Baby, It’s Cold Outside is one of those Christmas songs that’s about as traditional as mince pies.
But an American radio station’s decision to pull it from playlists because it’s seen as unsuitable in the #MeToo era has reignited a debate about the song, and raised questions about other potentially questionable Christmas classics.
Baby, It’s Cold Outside found a wide audience as a duet between Ricardo Montalban and Esther Williams in the 1949 film Neptune’s Daughter, and in recent years has been covered by the likes of Lady Gaga and Michael Bublé.
Critics of the song see it as the story of a man pressuring a woman into spending the night when she doesn’t want to.
In particular, the line “Say what’s in this drink?/No cabs to be had out there” has led people to make a link with date rape.
Glenn Anderson, a DJ on Star 102, said the lyrics now felt “manipulative and wrong”, and that it has no place in a world where people are “extra sensitive”.
However, a former English teacher wrote a feminist defence of the song in a viral Tumblr post, suggesting the woman “is excusing her uncharacteristically bold behaviour (either to the guy or to herself) by blaming it on the drink”.
“It is not a joke about how she’s drunk and about to be raped,” the blog’s author wrote.
“It’s a joke about how she’s perfectly sober and about to have awesome consensual sex and use the drink for plausible deniability because she’s living in a society where women aren’t supposed to have sexual agency.”
Opinion on social media has been mixed.
Lots of outrage over “Baby It’s Cold Outside”… but let’s be honest. The song is skeezy. The “hey, what’s in this drink?” line in particular is super problematic. It’s about time to retire some of the “classic” Christmas songs that get played to death this time of year anyway.
— Burgers (@Burgerrs) December 2, 2018
So Blurred Lines was fine but Baby It’s Cold Outside is offensive.
Y’all are wild.
— Krissy Morrison (@ItsKrissy) December 2, 2018
BBC Middle East editor Jeremy Bowen revealed that the proposition-in-a-song even had an influence on global geopolitics.
Lee Thompson, a music consultant who has worked in radio and TV for more than 30 years, thinks debates over such songs have grown in recent years.
“In all of my time working at radio stations, I’ve never had anyone come to me and say ‘we shouldn’t play a song’,” he says.
“It only seems to be in the last few years that the sensitivity around particular songs are magnified. I think social media is responsible for magnifying these arguments nowadays.
“Some people think, ‘since this is my interpretation of the song, therefore everyone else needs to think its the correct interpretation of the song’.”
Baby, It’s Cold Outside isn’t the only seasonal song that some people find problematic.
Fairytale of New York
In 2007, BBC Radio 1 edited out the words “faggot” and “slut” from The Pogues’ Fairytale of New York to avoid offence. But later that evening, the station changed its mind after criticism from listeners.
Justin Myers, a columnist for GQ Magazine, wrote on his blog in November how allowing the song to be played on radio “legitimises” the slur and “burdens” the LGBT+ community.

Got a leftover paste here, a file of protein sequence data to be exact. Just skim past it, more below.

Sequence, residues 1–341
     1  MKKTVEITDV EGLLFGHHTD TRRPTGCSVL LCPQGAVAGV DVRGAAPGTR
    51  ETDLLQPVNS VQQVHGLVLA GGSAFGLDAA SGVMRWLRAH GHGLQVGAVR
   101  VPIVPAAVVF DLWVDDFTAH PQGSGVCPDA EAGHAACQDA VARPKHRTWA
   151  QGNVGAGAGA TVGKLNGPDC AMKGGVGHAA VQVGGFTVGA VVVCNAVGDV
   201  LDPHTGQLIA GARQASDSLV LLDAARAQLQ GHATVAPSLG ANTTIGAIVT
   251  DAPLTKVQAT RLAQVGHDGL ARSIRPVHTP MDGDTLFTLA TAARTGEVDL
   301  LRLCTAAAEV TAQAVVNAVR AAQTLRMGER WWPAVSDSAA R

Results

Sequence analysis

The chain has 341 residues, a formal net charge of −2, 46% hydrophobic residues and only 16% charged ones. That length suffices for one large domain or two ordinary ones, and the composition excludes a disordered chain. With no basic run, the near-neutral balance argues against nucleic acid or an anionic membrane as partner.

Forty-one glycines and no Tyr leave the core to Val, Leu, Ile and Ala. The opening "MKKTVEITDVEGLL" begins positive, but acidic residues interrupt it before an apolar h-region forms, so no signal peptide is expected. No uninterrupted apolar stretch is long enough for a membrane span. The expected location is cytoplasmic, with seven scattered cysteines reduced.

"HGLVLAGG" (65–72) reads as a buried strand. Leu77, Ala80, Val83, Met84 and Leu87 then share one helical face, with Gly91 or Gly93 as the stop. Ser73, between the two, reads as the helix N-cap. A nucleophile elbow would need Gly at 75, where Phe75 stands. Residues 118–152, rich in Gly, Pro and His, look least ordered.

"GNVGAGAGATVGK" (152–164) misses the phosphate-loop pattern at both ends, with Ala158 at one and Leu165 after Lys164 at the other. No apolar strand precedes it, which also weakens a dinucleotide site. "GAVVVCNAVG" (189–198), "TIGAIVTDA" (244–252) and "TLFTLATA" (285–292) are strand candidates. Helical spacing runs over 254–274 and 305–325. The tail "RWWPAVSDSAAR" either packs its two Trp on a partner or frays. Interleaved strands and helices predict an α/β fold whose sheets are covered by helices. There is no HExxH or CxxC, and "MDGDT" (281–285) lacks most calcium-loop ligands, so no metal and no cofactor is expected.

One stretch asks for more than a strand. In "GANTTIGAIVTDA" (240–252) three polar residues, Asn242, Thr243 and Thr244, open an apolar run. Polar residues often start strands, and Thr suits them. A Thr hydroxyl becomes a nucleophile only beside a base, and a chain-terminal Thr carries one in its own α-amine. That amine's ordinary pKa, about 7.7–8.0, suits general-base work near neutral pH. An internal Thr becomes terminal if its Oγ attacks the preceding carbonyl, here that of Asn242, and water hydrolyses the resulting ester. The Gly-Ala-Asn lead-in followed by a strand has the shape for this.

“The word still has power, sharp cruel fangs, and is still used to demean and destroy lives of young people up and down the UK,” he said.
The song is heading back into the UK top 40 this week, however, as it has done for the past 13 Decembers, since downloading and streaming made it easier for old tunes to resurface.
Magic Radio – which has devoted itself to Christmas songs for the month of December – has said it will keep playing both Baby, It’s Cold Outside and Fairytale of New York this year.
A spokeswoman for BBC Radio declined to say whether its stations would play the tunes. The BBC doesn’t ban songs, she said – but “tracks are chosen on musical merit and their relevance to our audience on a case-by-case basis”.
Do They Know It’s Christmas?
Despite being written to raise funds to combat famine in Ethiopia, the 1984 song doesn’t refer to the country at all but rather the entire continent, leading to accusations that it fuels the tired trope that everywhere in Africa is the same, rather than a place filled with distinct countries, each with their own unique culture.
“There exists a paternalistic way of thinking about Africa, likely exacerbated by the original (and the second, and the third) Band Aid singles, in which it must be ‘saved’, and usually from itself. We say ‘Africa’ in a way that we would never say ‘Europe’, or ‘Asia’,” wrote Bim Adewunmi in The Guardian in 2014.
She also pointed out that the lyrics reflected a “popular narrative” that those in the West were the “benevolent elders, helping out poor Africans, mouths always needy and yawning”.
Co-writer Bob Geldof gave the critics short shrift, saying: “It’s a pop song, it’s not a doctoral thesis.”
The original record raised £8m for famine relief by selling 3.8 million copies, making it the second biggest-selling single in UK chart history.
Before you tweet “PC gone mad!” in all caps, read the following information first.
In 2017, Professor Kyna Hamill of Boston University published a research paper outlining the racist origins of the beloved Christmas ditty.
Her peer-reviewed paper found that the song was originally performed in blackface in a minstrel show as One Horse Open Sleigh in Boston in September 1857.
The song was written by James Pierpont, who was desperate for work after failing at other professional ventures, and Prof Hamill’s research suggests he “capitalised on minstrel music” and used making fun of black people in the snow as a “‘safe’ ground” for his show.
Prof Hamill has said it wasn’t her intention to stop your kids from singing this particular tune, however.
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